“A bailout of Lehman Brothers might have provoked a public backlash, causing the government “to let the next institution fail” instead, Blankfein said ... “It might have been a much bigger one with much more dire consequences.”Joe Nocera of the New York Times picked up the same theme in a front page article claiming that if Lehman had been saved, a much bigger firm such as Merrill might have collapsed.
The claim can be neither proved nor refuted. It is an idle conjecture. Nocera’s Merrill example shows how little he knows about the markets. Merrill was bigger in terms of assets. But Lehman was a far more “connected” – systemically important, if you will – firm. It was one of the largest issuers of commercial paper. It was the freezing of the CP market, after Lehman had filed for bankruptcy, that triggered the crisis.
The spin tries to make the boys who let Lehman down look less bad. Nice try, gentlemen.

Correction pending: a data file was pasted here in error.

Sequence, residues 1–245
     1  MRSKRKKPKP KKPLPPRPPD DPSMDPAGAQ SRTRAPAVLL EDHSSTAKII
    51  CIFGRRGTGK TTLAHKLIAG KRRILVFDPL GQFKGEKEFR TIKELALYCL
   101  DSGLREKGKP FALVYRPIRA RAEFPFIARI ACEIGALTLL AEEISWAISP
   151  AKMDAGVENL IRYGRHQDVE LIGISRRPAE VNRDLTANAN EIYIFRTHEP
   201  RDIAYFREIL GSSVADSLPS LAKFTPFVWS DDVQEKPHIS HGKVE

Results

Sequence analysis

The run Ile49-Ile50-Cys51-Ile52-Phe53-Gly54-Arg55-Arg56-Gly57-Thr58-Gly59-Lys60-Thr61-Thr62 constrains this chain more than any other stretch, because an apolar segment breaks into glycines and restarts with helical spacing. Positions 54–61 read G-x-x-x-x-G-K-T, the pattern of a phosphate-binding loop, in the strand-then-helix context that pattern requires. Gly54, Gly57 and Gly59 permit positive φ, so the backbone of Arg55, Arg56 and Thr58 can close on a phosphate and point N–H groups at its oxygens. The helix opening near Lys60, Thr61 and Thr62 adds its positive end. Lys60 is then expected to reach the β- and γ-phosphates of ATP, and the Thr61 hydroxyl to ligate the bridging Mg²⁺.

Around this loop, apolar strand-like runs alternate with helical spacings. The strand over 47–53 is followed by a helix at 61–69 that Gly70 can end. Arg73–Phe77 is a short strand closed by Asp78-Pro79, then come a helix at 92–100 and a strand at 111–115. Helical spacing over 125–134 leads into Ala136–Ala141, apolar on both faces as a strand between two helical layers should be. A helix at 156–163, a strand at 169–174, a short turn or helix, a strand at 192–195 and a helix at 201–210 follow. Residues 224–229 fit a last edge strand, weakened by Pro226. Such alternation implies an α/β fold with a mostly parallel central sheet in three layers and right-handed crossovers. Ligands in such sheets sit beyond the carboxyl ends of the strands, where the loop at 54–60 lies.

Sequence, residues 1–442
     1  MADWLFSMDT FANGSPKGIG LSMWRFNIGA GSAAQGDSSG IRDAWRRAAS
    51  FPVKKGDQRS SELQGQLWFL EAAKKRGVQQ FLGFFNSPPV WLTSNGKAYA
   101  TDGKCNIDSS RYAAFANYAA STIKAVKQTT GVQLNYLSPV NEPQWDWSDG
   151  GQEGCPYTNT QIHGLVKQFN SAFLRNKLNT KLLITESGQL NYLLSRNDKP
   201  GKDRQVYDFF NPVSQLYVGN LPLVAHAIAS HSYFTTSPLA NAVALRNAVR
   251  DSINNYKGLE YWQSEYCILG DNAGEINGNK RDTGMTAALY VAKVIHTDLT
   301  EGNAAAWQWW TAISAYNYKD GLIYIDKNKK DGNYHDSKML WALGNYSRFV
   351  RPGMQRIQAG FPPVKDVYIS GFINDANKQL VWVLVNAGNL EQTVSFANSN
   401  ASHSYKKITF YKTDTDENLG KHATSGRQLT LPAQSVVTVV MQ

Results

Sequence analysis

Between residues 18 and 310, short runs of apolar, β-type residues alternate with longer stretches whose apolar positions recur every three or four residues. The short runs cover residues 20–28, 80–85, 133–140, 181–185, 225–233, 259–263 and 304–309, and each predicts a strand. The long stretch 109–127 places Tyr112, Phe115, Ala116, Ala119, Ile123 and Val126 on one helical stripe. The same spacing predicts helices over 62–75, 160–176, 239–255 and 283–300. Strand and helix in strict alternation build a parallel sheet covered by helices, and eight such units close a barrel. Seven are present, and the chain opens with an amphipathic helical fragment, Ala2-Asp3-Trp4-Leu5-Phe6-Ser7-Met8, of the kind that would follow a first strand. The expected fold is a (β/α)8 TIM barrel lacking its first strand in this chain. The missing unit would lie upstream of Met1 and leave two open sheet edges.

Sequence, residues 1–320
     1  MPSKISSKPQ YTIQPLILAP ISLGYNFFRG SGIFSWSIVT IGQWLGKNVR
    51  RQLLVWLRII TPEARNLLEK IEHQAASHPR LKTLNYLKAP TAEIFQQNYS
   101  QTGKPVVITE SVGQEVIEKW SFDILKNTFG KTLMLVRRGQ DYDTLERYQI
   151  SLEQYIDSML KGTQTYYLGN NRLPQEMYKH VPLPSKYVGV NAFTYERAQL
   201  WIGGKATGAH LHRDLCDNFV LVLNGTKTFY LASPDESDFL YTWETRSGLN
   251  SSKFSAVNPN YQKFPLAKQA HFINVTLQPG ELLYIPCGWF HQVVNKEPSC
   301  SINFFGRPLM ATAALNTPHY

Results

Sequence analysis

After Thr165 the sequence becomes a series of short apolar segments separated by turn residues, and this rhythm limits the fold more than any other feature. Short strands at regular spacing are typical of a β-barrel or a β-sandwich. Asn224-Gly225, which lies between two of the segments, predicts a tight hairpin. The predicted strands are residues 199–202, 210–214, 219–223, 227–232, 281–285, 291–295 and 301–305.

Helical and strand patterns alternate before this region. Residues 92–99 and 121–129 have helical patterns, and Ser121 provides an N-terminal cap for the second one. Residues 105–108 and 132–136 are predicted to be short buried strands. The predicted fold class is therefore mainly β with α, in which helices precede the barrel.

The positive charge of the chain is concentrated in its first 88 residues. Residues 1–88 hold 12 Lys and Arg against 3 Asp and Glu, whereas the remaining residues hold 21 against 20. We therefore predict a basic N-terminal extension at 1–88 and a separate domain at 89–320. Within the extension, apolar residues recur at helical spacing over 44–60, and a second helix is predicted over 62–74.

The how of Lehman’s collapse is a technical matter involving the business model of a highly leveraged broker-dealer. I described it in detail in the Credit Woes series, especially parts 9 and 10.
The why of Lehman collapse – why Geithner, Paulson and Bernanke allowed it to happen – cannot be known without a full confession from the said individuals. But I doubt that malice, in the sense of involving calculations and plot, played any role. That would be giving these men credit for what had to be a complicated chess move.
The truth is more banal. I think I came close to it when I described why Lehman was allowed to fail. Read it here and judge for yourself.
Looking back, I also think that I grasped the significance of the event better than others. Read it and judge for yourself.